Anna Welch of Fields of Agape in a field being prepared for hull-less oats.

Anna Welch of Fields of Agape in a field being prepared for hull-less oats. (The periodical has a much better photo of Anna by the terrific photographer Josh Marshall.)

I was intrigued by the fact that Anita Spencer of Homestead Growers didn’t start out growing organically. She and her husband were Miracle-Gro fans at the start. When a friend asked if they’d ever considered going organic, she said, “We laughed at her!”

But that question planted a seed all its own. They took a look at the contents of the famed formulation and realized they didn’t want all those chemicals in their bodies and those of their children. Nor did they want to sell produce grown that way.

Now Anita is proud to offer high-quality, chemical-free food to her customers through both Homestead Growers and its spinoff line of tomato sauces, Local Folks Foods.

(As a side note, this anecdote showed me how questions can spur behavior change, even the questions don’t seem well-received. I resolve to ask more questions!)

For the full story, including seven mini-profiles of women in agriculture and Josh Marshall’s beautiful photos, see the current issue of Farm Indiana (page A8).

Pay It Local

In Ball State University’s Down to Earth documentary about sustainable food systems, renegade farmer Joel Salatin makes a key point about the importance of spending food dollars locally. A small amount of cash spent at the farmers market or local food store might make a huge difference to the vendors there. You never know what kind of difficulties they face, and where they stand on the thin line between a manageable load and giving up.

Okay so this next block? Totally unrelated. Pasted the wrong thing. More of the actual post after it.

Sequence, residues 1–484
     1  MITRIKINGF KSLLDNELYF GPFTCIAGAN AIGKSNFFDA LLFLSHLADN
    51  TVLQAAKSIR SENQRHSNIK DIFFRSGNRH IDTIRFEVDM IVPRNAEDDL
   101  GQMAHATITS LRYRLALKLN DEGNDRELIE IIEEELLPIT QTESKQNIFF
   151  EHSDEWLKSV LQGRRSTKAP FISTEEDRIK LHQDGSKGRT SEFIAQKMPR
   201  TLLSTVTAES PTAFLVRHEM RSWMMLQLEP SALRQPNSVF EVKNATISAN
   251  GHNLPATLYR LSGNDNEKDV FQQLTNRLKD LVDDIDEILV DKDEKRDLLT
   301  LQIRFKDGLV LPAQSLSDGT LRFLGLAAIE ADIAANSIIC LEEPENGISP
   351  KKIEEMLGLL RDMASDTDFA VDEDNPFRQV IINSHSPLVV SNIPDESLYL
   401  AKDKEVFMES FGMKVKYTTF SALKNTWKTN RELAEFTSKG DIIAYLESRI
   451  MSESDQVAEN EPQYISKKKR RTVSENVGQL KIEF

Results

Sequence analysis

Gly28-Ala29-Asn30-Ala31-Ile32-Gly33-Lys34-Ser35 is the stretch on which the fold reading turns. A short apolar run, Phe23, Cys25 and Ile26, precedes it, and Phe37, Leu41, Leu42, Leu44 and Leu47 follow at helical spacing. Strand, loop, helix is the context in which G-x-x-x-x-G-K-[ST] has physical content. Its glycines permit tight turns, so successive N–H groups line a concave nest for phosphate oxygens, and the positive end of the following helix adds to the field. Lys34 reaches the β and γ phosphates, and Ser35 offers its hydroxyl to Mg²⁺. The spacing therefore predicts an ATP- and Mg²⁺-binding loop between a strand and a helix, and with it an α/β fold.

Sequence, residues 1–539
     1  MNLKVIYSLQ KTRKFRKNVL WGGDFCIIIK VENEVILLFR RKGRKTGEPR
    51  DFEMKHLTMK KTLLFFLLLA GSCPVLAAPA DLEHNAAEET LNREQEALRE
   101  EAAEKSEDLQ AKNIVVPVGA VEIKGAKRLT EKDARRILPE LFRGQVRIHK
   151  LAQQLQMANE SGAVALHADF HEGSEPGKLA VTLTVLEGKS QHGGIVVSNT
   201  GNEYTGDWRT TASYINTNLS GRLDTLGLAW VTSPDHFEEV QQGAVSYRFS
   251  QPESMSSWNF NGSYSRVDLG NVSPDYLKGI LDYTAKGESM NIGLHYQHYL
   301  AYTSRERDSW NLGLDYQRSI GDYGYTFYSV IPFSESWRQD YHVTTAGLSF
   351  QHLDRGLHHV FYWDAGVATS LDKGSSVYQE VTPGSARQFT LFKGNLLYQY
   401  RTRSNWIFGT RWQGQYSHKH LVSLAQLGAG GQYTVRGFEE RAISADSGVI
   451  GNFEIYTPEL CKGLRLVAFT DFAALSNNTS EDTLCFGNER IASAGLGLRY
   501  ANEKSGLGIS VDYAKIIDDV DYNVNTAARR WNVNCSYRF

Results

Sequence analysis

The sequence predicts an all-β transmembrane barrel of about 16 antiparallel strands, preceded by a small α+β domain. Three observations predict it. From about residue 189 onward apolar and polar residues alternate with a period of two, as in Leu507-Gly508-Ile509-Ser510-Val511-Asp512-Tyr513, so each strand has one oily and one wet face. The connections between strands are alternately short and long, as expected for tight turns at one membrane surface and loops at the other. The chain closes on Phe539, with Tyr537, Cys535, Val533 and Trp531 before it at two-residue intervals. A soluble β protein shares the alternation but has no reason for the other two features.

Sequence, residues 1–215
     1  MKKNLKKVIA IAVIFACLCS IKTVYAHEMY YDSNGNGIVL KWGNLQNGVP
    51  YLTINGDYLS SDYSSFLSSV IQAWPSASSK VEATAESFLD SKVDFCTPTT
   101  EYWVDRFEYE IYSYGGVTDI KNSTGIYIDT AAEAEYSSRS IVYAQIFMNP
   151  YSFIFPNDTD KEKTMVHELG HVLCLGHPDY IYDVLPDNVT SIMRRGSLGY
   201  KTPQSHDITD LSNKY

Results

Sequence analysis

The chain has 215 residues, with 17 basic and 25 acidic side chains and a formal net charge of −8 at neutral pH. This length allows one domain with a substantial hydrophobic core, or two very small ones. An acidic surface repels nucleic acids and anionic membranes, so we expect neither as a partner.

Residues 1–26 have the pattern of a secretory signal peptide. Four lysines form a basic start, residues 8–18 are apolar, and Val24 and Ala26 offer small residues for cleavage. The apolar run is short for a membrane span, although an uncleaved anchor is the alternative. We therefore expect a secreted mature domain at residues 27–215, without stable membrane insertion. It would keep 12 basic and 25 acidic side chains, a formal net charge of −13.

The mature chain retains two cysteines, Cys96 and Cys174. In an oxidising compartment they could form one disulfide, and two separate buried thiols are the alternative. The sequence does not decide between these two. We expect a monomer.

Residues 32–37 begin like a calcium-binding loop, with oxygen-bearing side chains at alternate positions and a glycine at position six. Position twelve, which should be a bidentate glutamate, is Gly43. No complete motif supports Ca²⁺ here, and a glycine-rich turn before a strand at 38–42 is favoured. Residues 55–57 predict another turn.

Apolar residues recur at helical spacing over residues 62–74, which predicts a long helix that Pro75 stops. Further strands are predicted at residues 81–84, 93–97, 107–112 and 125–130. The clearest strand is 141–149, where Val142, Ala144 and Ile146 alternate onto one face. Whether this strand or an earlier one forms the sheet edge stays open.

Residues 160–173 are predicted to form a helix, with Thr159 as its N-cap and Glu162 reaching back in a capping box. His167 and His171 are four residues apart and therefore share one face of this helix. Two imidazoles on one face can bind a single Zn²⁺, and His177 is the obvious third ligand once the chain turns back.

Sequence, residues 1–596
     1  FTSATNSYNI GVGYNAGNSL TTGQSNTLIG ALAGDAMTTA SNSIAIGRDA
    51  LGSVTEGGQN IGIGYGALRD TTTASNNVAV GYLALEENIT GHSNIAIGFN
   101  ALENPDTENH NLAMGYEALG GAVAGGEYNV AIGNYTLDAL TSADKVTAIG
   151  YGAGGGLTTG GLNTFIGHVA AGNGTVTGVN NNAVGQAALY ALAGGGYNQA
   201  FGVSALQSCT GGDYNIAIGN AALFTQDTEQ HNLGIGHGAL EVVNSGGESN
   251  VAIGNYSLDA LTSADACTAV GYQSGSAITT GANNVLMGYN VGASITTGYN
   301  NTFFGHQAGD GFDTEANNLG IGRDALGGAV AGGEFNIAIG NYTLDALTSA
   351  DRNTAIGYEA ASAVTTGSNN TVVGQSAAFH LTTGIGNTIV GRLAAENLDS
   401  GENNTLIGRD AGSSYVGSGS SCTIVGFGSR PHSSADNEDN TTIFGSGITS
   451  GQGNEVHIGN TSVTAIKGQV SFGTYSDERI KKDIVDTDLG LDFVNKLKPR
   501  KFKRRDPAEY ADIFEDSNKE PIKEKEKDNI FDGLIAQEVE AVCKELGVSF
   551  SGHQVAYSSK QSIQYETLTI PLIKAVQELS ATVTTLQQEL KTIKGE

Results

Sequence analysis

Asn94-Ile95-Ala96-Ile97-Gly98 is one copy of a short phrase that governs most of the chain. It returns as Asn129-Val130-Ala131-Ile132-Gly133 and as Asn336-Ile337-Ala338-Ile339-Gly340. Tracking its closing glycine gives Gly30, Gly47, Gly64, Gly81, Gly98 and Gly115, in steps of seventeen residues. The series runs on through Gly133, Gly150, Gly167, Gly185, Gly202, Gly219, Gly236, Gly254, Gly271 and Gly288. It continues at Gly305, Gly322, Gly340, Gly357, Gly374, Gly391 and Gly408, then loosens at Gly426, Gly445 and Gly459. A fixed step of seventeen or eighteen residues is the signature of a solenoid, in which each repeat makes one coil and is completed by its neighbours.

It’s kind of like paying it forward, only you’re “paying it local.”

Freedom Valley Farm's high tunnel beds.

Freedom Valley Farm’s high tunnel beds.

It reminded me of something I blogged some months back:

The row we plant might be just the encouragement our elderly neighbor needs to start seeds on a windowsill. Which might nudge her granddaughter to visit a farmers market and buy a farmer’s tomatoes, and one of those funny-looking squashes while she’s at it. Maybe she’ll come back in ensuing weeks and bring her children and a friend, buying more locally grown food. Which shows the farmer that his produce is desired, and keeps him from throwing in the towel after a tough summer.

Since I wrote that I’ve talked to many small farmers as part of my freelancing job, and I’ve learned that farming is more difficult than any nonfarmer could ever imagine. What they do requires a lot of faith. And people to buy what they’re selling.

When I interviewed Hoosier Organic Marketing Education (HOME) founder Cissy Bowman for a Farm Indiana story, she emphasized the critical role of the nonfarmer ally. “Never feel disempowered,” she told me. “As a consumer your opinion is the most important, because you’re the one who buys it.”

Our consumer choice is not even just about food. It’s also about keeping land out of developers’ hands. If farmers can earn a living wage, fewer properties will be snatched up and turned into subdivisions and shopping malls. That means more acreage for wildlife, native plants, and pollinators.

From the front page of Farm Indiana

From the front page of Farm Indiana

The current issue of Farm Indiana contains two stories I wrote. One is about Cissy and HOME, a terrific nonprofit organization that helps farmers like Anna Welch with rural development projects and educates everyone about the importance of organics. The other is about Freedom Valley Farm, an Owen County operation that I thoroughly enjoyed visiting.

Jim Baughman showed me around his farm on a February day.

Jim Baughman showed me around his farm on a February day.